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Neo-Nazi Met Police officer convicted of belonging to far-right terror group

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A Metropolitan Police officer has been convicted of belonging to a banned neo-Nazi terror group.

Rookie Pc Ben Hannam, 22, from Edmonton in north London, had been working as a probationary officer with the force for under two years.

He was found on a leaked database of users of extreme right-wing forum Iron March.

The site was linked to several murders and acts of extremist terrorism.

The officer, who is autistic, signed up to the forum after joining the London branch of neo-Nazi group National Action in March 2016.

Hannam, who is suspended from duty, said he was "desperate to impress" an older NA organiser who gave him free stickers and badges.

Its ideology was described in the Old Bailey as based on "Aryan purity" and hatred of non-white groups, particularly Jews.

In April 2017, he took part in outdoor boxing in woodland which was filmed on co-founder Alex Davies' camera.

On July 2, he spray painted the symbol for an NA alias – NS131 – in a storm drain on the outskirts of Swindon, which was filmed for a promotional video.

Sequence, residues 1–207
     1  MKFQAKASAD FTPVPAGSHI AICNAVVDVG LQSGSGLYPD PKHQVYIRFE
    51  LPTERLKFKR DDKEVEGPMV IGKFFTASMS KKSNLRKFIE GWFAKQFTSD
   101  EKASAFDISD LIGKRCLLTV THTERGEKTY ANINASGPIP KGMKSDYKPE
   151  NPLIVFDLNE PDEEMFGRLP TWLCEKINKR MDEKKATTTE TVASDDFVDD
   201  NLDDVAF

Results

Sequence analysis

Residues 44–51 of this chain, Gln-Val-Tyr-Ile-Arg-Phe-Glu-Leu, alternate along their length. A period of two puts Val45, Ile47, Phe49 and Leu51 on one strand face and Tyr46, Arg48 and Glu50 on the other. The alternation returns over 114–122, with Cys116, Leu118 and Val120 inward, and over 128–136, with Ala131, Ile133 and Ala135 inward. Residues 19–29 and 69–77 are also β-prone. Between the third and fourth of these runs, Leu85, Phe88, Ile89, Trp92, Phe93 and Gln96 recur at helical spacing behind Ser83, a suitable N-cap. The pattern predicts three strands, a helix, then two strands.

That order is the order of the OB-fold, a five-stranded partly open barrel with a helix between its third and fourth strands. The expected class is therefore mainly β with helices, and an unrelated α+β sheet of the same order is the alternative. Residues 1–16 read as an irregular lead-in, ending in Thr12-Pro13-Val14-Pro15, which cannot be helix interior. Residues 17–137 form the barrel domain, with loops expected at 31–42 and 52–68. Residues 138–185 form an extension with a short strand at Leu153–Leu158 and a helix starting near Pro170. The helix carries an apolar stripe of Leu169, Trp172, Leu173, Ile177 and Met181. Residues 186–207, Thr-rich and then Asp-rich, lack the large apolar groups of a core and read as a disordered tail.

In July that year, he applied to join Scotland Yard – denying he had ever bene a member of the British National Party or “similar organisation”.

Officers searched his bedroom last year and found neo-Nazi posters, notes detailing his membership of NA, as well as NA badges and business cards.

A jury had deliberated for more than 32 hours to find Hannam guilty on Thursday, April 31.

Judge Anthony Leonard QC lifted a ban on reporting the case after Hannam admitted possessing an indecent image of a child, which was to have been the subject of a separate trial.

Commander Richard Smith, head of the Met's counter-terrorism command, said it was a "unique" case.
He said: "Ben Hannam obviously lied on his application form to join the Met.

"He would never have been able to join had we known then of his interest in the extreme right wing and his previous membership of National Action.

"Once we identified his involvement with that organisation we took immediate steps to arrest him and put him before the court."

Hannam's association with NA ended before he began working for the Met and counter-terrorism officers acted "swiftly" once he had been identified as a suspect.

  • Crime
  • MET Police

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